Chopper (motorcycle)

Chopper was originally from about 1948 in California the term for motorcycles (mostly Harley - Davidson), all of which had been removed, which the owner seemed superfluous - as passenger seats or guards. The English verb to chop means " chop (ab) ".


The Bobber refers to the "bob ", ie the small outdoor swing at the lower end of the front fender on old Harley -Davidson models. In addition to the engine tuning was one of the first modifications that undertook a Harley enthusiast in the 1940s and 50s, when it easier and faster to do with it wanted his vehicle, the original front fender turned backwards to fit over the rear wheel. The original rear fender was omitted, the front wheel ran without fenders. Such vehicles were at the tail of the "bob " and therefore were called bobber.

The modifications were made originally, on the one hand to reduce the weight and thus improve the performance. On the other hand, should often be improved as ponderous or turgid perceived appearance. It was the first road motorcycles on the basis of typical American racing machines - in this case, board track racers and hill climbers. These motorcycles were first called bobber or Bobchops. The process to make a motorcycle such a bobber, called colloquially soon " Bob job".

Classic chopper

Ever since the movie "Easy Rider" from 1969 motorcycles are then generally referred to as a chopper, if they are equipped with a long, relatively flat salaried front fork. Also, this design feature was originally inspired by racing machines - in this case, drag bikes, which means long wheelbase and large lag a more stable straight running performance is to be achieved at high speeds. Since in such Drag Races no curves are driven, the associated awkwardness of sport bikes not fell into the weight. With Chopper on the other hand this poor driving behavior is taken in favor of the desired appearance in purchasing.

Other classic features include high chopper style handlebars ( " Buckhorn ", " ape-hanger ") and brought forward footrest. These characteristics deteriorate the driving performance and controllability, while such tags are very common nowadays.

Another style is called drag Styler or Low Rider. The goal here is a possible flat, elongated look ( ' long' n low ") in an even stronger following the appearance of drag bikes. Accordingly, come here instead of high handlebars flat drag bars are used, often on back -drawn handlebar mounting clamps ( risers ).

From a Swedish chopper one speaks of certain radical purist tags. In this genre is often omitted parts such as headlight, speedometer or front brakes or alternatively at least the associated cables, shafts and cables routed inside the handlebar or frame to the straightforward sight of those parts that actually have to drive indispensable function, as little as possible to affect. The approval of such vehicles on public roads in Germany poses considerable problems.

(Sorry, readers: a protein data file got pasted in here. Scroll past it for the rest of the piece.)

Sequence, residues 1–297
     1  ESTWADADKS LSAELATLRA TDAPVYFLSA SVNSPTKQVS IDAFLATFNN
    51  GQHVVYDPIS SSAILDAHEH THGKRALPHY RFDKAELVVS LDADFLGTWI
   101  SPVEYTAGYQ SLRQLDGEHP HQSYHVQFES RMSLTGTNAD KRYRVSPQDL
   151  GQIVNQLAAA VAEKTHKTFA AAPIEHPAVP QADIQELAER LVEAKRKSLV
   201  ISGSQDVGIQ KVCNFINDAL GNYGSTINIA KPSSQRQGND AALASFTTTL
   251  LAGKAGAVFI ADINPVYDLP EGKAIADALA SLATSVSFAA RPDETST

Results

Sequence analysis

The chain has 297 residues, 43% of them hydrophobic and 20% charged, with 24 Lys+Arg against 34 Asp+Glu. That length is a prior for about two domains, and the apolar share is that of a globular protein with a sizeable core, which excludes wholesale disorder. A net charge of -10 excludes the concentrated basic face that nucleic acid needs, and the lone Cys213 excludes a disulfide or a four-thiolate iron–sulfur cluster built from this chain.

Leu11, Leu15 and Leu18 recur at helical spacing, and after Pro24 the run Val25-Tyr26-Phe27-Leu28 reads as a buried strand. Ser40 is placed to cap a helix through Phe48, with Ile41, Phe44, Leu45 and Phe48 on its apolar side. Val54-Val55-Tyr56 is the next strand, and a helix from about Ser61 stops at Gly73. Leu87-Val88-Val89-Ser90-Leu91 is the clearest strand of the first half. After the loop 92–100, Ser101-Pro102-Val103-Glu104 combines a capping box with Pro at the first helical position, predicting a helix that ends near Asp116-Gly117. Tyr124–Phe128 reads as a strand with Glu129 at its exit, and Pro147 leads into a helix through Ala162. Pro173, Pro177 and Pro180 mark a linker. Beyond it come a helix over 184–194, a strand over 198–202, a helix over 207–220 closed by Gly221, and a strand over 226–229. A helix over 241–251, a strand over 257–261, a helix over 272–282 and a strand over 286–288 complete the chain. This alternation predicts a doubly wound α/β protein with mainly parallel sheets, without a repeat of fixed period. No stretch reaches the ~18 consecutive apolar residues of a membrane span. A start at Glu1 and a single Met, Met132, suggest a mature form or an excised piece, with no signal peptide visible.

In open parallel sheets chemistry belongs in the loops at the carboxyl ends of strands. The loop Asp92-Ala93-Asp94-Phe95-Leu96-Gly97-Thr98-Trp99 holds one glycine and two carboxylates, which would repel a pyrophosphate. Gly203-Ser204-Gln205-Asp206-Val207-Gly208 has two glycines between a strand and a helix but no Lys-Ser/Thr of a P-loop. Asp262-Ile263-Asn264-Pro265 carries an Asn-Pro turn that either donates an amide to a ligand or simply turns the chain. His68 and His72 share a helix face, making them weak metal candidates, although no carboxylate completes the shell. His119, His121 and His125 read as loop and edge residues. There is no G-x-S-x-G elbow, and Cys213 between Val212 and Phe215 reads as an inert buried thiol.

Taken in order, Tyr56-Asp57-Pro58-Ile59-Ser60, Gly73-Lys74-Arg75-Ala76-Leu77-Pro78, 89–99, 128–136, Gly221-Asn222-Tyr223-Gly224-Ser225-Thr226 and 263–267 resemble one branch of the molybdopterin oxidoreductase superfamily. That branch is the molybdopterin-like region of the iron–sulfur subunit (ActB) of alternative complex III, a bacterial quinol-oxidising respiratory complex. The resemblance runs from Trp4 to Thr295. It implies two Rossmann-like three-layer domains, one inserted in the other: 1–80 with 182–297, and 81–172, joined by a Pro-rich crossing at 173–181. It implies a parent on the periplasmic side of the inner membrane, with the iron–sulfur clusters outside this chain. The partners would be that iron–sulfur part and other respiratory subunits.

Factory Custom Chopper Factory

The company Harley -Davidson refused at first this kind radical conversions from - not least because this motorcycle genus has been associated with criminal and violent gangs like the Hells Angels rocker. As the chopper design soon came up in the taste of the masses and the demand, but also began to Harley -Davidson to incorporate chopper - style features in some production models. From 1984, we imitated the Softail rear suspension the appearance of an unsprung rigid frame, and in 1988 was offered even the detached since 1948 by the so-called telescopic fork springer fork, a front wheel pushed with short swingarm, again.

The coined in this regard by Harley -Davidson concept of " factory custom " made ​​basically a contradiction in terms dar. addition to the intended design was the original Chopper concept indeed significantly influenced by the idea to change the uniform appearance of a large-scale model and so to make the custom motorcycle individually.


In the 1980s and Japanese manufacturers began to demand for choppers to respond. We initially tried "normal" street bikes with chopper typical add-on parts, such as higher handlebars, forward controls, chrome parts and partially standard pillion backrest ( " sissy bar " ) to make it interesting for the intended audience. These factory rather half-heartedly redesigned motorcycles are today, often contemptuously, as " softchopper " means. later large series models reported soon also the classic V2 engine design Harley- Davidsons, and also the overall design approached in the American models. these Japanese motorcycles in the chopper style were with the U.S. competing models in regard to their untimely handling comparable - the landing gears were often underdamped, had rear due to the desired flat appearance usually a uncomfortable hard suspension with little suspension travel, were equipped for their suspension geometry unwieldy and inefficient braking at the limit of what is legally permissible.


Cruiser 's been around since the 1990's the term for motorcycles, whose design features are attributable to U.S. production machines of Harley- Davidson, Indian or Henderson, as they were built around since the 1930s. Style -forming characteristics are long wheelbase, wide tires, large volume motor, large fenders, wide handlebars and relatively far forward mounted footboards and the resulting upright sitting position. By conversion of such series machines emerged from about 1948, the first bobber or chopper.